(cont.)>many problems involving varieties over non-algebraically closed fields, especially imperfect fields.
This is more of a general principle: it is often very useful to look at the solutions of a system of equations over a field in extensions of that field or more generally algebras over that field.
If you want to solve a problem over a non-algebraically closed field, a basic idea is to extend to the algebraic closure, solve the analogous problem, and see if you can transfer the result to your original field.
This method is called base change + descent. Sometimes, descent is easy and does not require scheme theory (for example, you don't need scheme theory to prove that two real matrices that are similar over C are similar over R: exercise), but sometimes you do need something stronger, like faithfully flat descent, to prove that a property over descends to k.
For that reason, people try as hard as possible to make constructions that are preserved by base change and faithfully flat descent.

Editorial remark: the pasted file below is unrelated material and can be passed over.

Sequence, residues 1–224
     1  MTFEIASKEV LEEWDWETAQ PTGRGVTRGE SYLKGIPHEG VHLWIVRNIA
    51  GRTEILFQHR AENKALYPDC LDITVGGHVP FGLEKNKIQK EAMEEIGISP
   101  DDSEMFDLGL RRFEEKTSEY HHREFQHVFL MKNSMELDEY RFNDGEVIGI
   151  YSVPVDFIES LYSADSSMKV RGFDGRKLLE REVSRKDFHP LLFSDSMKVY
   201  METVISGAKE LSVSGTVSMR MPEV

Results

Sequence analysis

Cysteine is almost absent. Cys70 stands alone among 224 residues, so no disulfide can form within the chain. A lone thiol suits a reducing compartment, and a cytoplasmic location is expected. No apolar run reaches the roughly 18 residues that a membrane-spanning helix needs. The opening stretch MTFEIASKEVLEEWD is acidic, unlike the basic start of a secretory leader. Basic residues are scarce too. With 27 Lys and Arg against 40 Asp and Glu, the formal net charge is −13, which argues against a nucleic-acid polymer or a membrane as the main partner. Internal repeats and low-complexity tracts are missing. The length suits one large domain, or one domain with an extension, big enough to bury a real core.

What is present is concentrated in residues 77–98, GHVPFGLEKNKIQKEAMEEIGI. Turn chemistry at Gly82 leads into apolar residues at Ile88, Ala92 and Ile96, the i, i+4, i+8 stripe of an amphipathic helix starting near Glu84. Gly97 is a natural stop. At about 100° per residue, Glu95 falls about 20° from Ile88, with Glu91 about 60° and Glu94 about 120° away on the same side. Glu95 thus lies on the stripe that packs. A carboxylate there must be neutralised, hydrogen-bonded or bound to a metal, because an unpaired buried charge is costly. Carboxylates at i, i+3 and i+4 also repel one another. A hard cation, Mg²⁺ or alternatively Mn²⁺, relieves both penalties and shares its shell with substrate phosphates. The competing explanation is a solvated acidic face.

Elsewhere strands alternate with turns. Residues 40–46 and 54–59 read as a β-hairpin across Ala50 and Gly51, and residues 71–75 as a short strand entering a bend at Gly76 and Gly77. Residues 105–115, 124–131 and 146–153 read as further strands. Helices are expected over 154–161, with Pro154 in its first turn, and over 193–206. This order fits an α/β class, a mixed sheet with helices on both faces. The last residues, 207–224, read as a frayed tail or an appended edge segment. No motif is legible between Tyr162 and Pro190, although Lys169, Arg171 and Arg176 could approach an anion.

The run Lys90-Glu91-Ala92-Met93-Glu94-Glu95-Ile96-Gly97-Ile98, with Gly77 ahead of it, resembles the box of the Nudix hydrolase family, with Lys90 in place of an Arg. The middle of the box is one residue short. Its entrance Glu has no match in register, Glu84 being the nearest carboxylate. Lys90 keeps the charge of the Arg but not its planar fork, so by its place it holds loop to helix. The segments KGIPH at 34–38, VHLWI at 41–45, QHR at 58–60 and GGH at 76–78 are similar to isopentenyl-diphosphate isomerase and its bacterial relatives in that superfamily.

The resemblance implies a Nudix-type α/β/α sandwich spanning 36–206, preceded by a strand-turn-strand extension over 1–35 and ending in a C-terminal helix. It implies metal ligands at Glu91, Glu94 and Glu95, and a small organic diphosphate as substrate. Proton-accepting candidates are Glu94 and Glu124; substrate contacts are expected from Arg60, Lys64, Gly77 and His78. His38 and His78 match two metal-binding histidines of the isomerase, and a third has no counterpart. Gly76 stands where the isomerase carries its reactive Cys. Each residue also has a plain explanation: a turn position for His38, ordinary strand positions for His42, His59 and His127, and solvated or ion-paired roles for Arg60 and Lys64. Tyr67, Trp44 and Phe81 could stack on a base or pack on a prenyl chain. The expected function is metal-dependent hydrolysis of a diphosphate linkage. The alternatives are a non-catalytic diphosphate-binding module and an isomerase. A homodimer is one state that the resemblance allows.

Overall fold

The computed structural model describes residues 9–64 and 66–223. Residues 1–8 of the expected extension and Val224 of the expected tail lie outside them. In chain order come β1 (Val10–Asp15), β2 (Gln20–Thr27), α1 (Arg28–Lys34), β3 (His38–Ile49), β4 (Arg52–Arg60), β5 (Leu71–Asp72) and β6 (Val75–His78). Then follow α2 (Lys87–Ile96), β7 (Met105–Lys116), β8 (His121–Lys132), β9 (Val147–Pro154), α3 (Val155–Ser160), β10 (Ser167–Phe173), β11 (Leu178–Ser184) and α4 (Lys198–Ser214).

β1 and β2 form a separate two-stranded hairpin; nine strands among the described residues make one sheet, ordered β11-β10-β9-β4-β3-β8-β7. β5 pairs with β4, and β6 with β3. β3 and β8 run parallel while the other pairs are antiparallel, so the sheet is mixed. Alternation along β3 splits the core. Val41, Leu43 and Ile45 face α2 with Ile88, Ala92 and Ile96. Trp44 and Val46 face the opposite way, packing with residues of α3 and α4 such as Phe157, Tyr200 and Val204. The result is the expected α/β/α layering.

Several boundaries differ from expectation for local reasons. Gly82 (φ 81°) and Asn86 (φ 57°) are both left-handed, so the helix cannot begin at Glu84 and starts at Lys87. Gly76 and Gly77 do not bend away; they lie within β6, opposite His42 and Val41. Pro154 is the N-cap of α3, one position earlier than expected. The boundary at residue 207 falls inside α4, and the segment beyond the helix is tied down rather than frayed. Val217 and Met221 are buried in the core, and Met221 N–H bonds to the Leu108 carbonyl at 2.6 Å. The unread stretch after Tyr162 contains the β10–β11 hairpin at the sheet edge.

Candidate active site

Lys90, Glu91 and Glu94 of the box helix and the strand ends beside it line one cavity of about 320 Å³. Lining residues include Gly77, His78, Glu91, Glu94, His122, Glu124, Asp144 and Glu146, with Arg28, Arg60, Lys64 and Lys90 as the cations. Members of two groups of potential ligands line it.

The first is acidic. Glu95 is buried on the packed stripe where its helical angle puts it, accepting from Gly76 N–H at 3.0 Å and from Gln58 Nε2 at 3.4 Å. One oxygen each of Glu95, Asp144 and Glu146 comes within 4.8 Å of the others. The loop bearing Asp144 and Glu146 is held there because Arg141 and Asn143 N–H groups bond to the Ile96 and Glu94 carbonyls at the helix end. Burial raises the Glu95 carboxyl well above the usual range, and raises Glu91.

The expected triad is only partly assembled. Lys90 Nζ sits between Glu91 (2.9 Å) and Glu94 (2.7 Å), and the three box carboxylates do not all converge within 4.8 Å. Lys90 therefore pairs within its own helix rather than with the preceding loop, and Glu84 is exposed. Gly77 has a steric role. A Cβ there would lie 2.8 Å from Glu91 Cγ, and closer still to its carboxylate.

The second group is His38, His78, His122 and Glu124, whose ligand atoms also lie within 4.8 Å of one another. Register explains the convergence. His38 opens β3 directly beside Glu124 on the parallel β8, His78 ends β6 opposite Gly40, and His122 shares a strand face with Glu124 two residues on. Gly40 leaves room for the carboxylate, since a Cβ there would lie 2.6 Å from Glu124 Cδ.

For example, it has led algebraic group theorists to adapt group-theoretic concepts (normalizers, centralizers, kernels, etc.) to make them invariant under base change and descent. It makes them harder to compute, but very useful for proofs.
Algebraic group theorists use this "base change and descent" very often. An example of this is the classification of linear algebraic groups over an arbitrary field (still in progress). It relies heavily on the results over an algebraically closed field (achieved by Chevalley, Borel, Tits etc.) and scheme theory.